Working on your first paver joint project isn’t easy, especially if you’re installing polymeric sand to the joints.
So getting any help you can from someone who’s made all the common mistakes is a must.
If you’re looking for an easy read but one that covers all subjects related to polymeric sand problems, I’m glad you’re here!
In this article, I’ve listed problems I faced when I DIY-ed a bit of my hardscaping.
After years of watching videos, calling friends, and talking to guys at my local stone and building materials supply shop, I gradually understood what I was doing wrong.
And trust me, there are a few things that can go wrong:
From uneven and unlevel pavers to easily erodable joints that fill with weeds.
Yep, these things can actually be avoided. Stick around to see how!
But let’s start with the basics:
What is polymeric sand?
Polymeric sand is a material used to fill the spaces between natural stones or paver joints.
It’s also called jointing sand, paver sand, or hardscape sand.
Used since the early 2000s, polymeric sand quickly became a preferred option for filling paver joints.
It was a durable product that was easy to use. It could also prevent insect infestations and weed growth.
But the product, whose market is expected to reach $85 million by 2025, does not come without its fair share of problems.
Common Polymeric Sand Problems
- Poor drainage
- Uneven pavers
- Hardened poly sand on pavers
- Poly sand erosion
- Moss and weed growth
If you’ve worked with polymeric sand before, then you might have come across at least one of these issues.
While the reasons may be different, the solution is always the same.
Before we get to the solution, let’s understand the reasons behind polymeric sand problems.
Causes of Common Polymeric Sand Problems
1. Not Clearing the Residue
That white you see on top of pavers?
That’s a common result of leftover polymeric sand reacting with water. This happens when proper installation procedures aren’t followed.
The problem becomes worse when a sealer is applied on top of the pavers, locking the haze in place.
Once the sealer is applied, there is no other option but to strip it off and reapply after cleaning the poly haze.
Can you seal over polymeric sand?
Yes, you can seal over polymeric sand so long as you allow the sand to dry for 24 hours.
Not cleaning the residue can result in hardened polymeric sand in places where it shouldn’t be.
Removing hardened polymeric sand from your pavers is no joke. It is time-consuming, and I wouldn’t want to work on it any longer than I have to.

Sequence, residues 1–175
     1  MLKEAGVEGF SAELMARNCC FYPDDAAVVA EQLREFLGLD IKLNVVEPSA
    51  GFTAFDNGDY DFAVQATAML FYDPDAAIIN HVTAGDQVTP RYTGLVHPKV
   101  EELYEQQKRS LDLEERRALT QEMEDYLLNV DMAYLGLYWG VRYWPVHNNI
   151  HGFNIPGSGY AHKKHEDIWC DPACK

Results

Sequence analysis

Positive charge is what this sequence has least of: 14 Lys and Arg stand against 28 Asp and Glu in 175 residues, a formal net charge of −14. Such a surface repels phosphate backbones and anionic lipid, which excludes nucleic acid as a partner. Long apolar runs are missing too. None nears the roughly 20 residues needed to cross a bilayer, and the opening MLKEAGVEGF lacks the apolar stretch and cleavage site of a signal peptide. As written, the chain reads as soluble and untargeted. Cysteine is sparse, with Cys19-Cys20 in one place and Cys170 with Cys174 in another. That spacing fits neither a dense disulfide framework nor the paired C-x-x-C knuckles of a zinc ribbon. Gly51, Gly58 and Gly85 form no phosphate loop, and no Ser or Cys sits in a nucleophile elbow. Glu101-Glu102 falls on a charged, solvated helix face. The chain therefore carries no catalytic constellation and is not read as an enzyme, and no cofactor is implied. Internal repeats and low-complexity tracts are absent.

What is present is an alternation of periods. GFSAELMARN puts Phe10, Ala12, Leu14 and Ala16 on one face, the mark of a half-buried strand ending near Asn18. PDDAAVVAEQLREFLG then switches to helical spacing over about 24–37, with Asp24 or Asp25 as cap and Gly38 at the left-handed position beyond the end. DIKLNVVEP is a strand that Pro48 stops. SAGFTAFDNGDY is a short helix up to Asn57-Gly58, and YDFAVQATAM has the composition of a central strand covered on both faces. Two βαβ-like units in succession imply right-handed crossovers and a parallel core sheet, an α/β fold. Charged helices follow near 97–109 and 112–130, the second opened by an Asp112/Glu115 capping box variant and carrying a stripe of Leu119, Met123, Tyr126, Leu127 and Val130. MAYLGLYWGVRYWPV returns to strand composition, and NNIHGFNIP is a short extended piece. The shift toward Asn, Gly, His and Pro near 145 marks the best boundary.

But does polymeric sand harden?
Yes, polymeric sand hardens once it is activated and dried.
If your polymeric sand does not harden, it could be because of stagnant water between the joints.
2. Not Keeping the Surface Clean After Installation
Improper installation or maintenance are the main reasons why insects, moss, or weeds may be finding their way into your paver joints.
These paver locking sand problems can easily be prevented by doing a thorough installation job and cleaning your paver joints regularly.
3. Filling the Base Layer with Inappropriate Products
Are you filling the base of your paver joints with regular sand and then adding polymeric sand on top?
I was guilty of this!
Unfortunately, this cost-effective method is more disastrous for your pocket.
You will end up wasting all your efforts and have to reapply the poly sand.
The wrong sand isn’t the only reason for an uneven paver.
Here are some other things you need to look out for:
- Using the wrong tools
- Using the wrong sand type
- Not allowing the poly sand to settle
If you don’t apply the right sand, don’t water it enough, or overwater it, these will all lead your poly sand to sit incorrectly, which leads to an uneven paver.
This was a common problem I found when I was working on my DIY project.
The problem is different for everyone, but for me, it was because I hadn’t compacted the sand particles into the joints properly.
Like most other poly sand problems, this one can also be solved by following the procedure carefully.
4. Polymeric Sand Erosion
Erosion of poly sand is also caused by improper installation, but it isn’t due to actually doing anything wrong.
You may have forgotten to consider an important element during installation: the weather forecast.
Rain, humidity, and any type of moisture can quickly erase all of your hard work.
These are some of the most common polymeric sand problems you are likely to encounter.
Now, let’s look at ways to prevent these problems.
How To Fix Common Polymeric Sand Problems
1. Clear your Space
Remove any debris, dust, or dirt around your workspace that may get in your way and result in an uneven surface.